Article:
In the Japanese study, researchers found sweet pastries were the strongest contributor to higher trans fats levels. Margarine was next, followed by candies, caramels, croissants, non-dairy creamers, ice cream and rice crackers.
After extensive research revealed the connection between trans fats and the increase of bad cholesterol (LDL), combined with a reduction of good cholesterol (HDL), the US Food and Drug Administration banned trans fats in 2015.
Companies were given three years to stop using them; then the FDA began granting extensions to various parts of the industry. The latest extension runs out January 1.
But even if every manufacturer complies by the first of the year, that doesn’t mean trans fats are gone from the grocery shelves. According to the FDA, if one serving of the food contains less than 0.5 grams, companies can label the food as “0 grams” of trans fats.
Even in small doses, artificial trans fats will still be around to contribute to cardiovascular disease, diabetes and other conditions, such as dementia.
“In the United States, the small amounts still allowed in foods can really add up if people eat multiple servings of these foods, and trans fats are still allowed in many other countries,” said study author Dr. Toshiharu Ninomiya, a professor at Kyushu University in Fukuoka, Japan, in a statement.
“People at risk still need to pay careful attention to nutrition labels,” Isaacson said. “When it comes to nutrition labels, the fewer ingredients, the better! Focus on natural whole food, and minimize or avoid those that are highly processed.”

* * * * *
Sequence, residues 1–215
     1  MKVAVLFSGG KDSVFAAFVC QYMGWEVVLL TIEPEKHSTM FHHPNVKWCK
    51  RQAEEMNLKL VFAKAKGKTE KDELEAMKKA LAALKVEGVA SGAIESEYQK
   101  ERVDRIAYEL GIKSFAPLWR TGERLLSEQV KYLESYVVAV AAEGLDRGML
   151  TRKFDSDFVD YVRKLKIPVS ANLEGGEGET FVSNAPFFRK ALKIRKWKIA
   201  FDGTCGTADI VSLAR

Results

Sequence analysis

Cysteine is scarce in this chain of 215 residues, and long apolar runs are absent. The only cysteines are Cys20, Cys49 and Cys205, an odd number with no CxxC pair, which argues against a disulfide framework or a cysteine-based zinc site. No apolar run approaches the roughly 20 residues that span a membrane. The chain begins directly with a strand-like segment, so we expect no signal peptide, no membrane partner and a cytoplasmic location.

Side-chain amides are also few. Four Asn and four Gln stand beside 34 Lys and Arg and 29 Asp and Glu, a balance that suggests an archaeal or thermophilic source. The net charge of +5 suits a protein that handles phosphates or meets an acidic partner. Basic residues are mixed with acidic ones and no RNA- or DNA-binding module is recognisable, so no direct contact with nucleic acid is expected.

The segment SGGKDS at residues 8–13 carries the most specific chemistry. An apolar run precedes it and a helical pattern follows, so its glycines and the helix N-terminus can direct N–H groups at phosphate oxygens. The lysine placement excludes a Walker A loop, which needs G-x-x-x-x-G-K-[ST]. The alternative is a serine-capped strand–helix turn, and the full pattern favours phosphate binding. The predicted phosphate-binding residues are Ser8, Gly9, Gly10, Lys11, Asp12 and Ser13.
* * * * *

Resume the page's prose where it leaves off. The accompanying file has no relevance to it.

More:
Aggarwal added: “This message must be delivered in countries where the ban of trans fats has not been enacted or difficult to enforce.”
By Tori Sprung at inverse.com
As a society, we aren’t getting as much exercise as we should. In fact, current activity guidelines state that adults should get at least 150 minutes of moderately intense activity — or 75 minutes of vigorous activity — every week. But research has found that one in four adults aren’t active enough.
It’s easy to see why. Many of us drive to work instead of walking — and for those of us who work desk jobs, many are often so focused on what we’re doing, we rarely get up from our desks except to visit the bathroom or get a drink. In short, though we might be busy, we aren’t moving very much. But after dealing with the stress of work week after week, it’s easy to daydream about unwinding on a warm beach, doing nothing but lounging around for a fortnight. But this might not be what our bodies need. In fact, it might actually be more harmful than we realize.